Article in Science describes CALS-based effort to teach science grad students how to teach

U.S. science and engineering students emerge from graduate school exquisitely trained to carry out research. Yet when it comes to the other major activity they’ll engage in as professors — teaching — they’re usually left to their own devices.

That’s now beginning to change, thanks to work at UW-Madison. In the Nov. 28 issue of Science, a team led by bacteriology professor Jo Handelsman describes its program of “scientific teaching,” in which graduate students and postdoctoral researchers are taught to foster scientific inquiry by their students, accommodate diverse learning styles, and rigorously evaluate their teaching efforts.

True to the approach, they’ve now assessed whether participants are indeed learning the program’s methods and principles, and the study indicates they’re getting results.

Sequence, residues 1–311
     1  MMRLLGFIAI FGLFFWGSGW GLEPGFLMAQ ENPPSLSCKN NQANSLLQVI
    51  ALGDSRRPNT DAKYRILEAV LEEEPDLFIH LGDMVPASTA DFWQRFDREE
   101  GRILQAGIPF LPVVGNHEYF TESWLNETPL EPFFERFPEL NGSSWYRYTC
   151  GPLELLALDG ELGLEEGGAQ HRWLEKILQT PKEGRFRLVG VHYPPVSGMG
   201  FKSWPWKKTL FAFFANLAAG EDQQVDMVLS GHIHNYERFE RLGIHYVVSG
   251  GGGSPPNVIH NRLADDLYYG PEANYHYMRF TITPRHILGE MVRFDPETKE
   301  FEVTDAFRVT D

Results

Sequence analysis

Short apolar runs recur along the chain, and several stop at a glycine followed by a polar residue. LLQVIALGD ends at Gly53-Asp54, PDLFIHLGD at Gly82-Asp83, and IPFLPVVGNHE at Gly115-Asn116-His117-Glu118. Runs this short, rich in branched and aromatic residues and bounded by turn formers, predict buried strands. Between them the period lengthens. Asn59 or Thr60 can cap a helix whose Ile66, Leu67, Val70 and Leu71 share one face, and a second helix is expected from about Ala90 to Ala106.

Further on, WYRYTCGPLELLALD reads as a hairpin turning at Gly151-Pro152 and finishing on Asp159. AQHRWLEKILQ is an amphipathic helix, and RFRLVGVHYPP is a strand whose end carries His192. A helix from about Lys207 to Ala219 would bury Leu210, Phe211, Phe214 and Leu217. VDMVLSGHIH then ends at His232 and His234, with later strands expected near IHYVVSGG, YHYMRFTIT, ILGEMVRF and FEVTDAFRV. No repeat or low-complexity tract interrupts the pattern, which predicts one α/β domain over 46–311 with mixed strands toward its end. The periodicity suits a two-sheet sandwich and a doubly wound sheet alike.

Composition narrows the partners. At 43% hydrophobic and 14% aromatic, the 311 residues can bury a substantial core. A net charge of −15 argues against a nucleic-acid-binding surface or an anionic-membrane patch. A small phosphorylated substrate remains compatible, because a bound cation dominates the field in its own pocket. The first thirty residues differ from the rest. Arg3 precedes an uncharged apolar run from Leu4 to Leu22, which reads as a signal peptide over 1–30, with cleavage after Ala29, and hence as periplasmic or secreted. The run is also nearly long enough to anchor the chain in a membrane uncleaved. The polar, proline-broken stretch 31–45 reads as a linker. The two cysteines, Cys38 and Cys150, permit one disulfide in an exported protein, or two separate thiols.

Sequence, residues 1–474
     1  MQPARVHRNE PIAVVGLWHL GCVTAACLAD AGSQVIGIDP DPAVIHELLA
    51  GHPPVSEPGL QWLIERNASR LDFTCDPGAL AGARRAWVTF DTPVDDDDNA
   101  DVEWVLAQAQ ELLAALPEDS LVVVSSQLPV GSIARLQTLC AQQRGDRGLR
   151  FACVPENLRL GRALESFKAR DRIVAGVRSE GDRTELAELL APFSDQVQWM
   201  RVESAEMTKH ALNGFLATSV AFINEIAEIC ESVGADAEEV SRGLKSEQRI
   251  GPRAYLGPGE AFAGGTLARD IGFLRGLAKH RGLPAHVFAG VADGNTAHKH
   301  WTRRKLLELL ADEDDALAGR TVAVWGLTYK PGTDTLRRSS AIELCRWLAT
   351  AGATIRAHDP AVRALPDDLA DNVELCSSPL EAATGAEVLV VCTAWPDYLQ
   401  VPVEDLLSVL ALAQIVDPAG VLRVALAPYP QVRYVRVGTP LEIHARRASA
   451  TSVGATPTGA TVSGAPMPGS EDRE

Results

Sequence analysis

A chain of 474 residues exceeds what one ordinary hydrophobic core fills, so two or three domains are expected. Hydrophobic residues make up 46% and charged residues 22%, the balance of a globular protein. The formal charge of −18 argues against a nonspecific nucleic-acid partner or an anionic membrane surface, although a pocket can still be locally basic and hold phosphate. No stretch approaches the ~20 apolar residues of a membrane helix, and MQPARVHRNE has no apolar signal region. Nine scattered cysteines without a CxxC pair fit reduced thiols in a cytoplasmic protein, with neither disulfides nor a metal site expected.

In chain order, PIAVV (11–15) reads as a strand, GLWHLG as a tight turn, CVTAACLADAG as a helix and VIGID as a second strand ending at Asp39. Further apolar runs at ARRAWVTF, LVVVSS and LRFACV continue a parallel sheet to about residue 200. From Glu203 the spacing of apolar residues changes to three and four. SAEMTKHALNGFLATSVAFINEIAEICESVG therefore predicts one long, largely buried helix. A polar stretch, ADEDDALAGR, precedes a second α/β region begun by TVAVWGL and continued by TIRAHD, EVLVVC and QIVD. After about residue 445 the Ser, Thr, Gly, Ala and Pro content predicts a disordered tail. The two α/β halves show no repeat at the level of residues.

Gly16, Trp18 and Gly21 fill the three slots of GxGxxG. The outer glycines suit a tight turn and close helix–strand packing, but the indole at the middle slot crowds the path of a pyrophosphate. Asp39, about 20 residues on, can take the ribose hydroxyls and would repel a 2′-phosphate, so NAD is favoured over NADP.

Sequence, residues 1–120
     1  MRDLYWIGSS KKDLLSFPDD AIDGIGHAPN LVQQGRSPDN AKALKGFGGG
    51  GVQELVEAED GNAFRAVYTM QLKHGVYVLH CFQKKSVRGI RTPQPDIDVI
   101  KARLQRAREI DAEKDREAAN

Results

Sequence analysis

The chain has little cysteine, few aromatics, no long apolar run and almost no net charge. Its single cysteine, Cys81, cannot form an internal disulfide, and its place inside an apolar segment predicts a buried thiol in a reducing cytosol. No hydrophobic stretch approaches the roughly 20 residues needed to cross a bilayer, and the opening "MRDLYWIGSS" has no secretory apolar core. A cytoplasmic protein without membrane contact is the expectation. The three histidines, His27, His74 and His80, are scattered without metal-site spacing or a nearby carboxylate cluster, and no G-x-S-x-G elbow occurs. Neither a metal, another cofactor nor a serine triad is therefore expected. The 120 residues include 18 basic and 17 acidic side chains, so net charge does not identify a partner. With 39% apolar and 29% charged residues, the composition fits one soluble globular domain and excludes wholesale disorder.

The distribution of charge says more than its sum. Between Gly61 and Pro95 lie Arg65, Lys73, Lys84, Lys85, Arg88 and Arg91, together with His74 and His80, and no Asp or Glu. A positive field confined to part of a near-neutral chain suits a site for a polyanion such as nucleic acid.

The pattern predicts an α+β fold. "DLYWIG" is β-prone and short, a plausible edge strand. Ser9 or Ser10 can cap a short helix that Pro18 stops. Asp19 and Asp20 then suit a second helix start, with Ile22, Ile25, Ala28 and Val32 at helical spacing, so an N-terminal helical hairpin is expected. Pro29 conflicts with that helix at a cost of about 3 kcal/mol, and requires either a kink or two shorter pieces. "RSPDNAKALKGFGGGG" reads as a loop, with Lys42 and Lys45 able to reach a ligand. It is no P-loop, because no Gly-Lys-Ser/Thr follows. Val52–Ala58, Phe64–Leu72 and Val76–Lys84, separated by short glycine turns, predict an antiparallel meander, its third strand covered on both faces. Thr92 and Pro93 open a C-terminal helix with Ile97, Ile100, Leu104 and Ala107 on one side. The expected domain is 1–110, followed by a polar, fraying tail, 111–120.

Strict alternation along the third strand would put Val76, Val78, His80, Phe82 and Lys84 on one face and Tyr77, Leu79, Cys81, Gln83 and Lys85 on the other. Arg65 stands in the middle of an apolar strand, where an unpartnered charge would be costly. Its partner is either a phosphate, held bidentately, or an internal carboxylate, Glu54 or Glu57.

“We’ve shown in this paper that training graduate students in teaching is feasible and that it works,” says Handelsman, who leads UW-Madison’s scientific teaching initiative with funding from the Howard Hughes Medical Institute. “It does have an impact on the way they think about teaching, their philosophy of teaching, and what they actually do in the classroom.”

While the findings may sound obvious to some, programs that prepare science graduate students for teaching are still relatively rare, says Handelsman, despite repeated calls by the National Research Council and others for better education training for future professors. What’s more, of the programs that do exist, none appear to have been studied as carefully as the UW-Madison initiative, known as the Teaching Fellows Program.

Filling a gaping hole in graduate education is thus one major benefit of well-tested programs like UW-Madison’s. But the biggest winners will be the future generations of undergraduates who take science courses, says the paper’s lead author Sarah Miller, who co-directs the Wisconsin Program for Scientific Teaching with co-author, Christine Pfund.

“This is all about the classroom of tomorrow,” says Miller. “How do we make that classroom a place where every student who comes through the doors has a reason to be there, feels included and isn’t just learning facts that you can find using Google? It’s about thinking: How do we get our students to think?”

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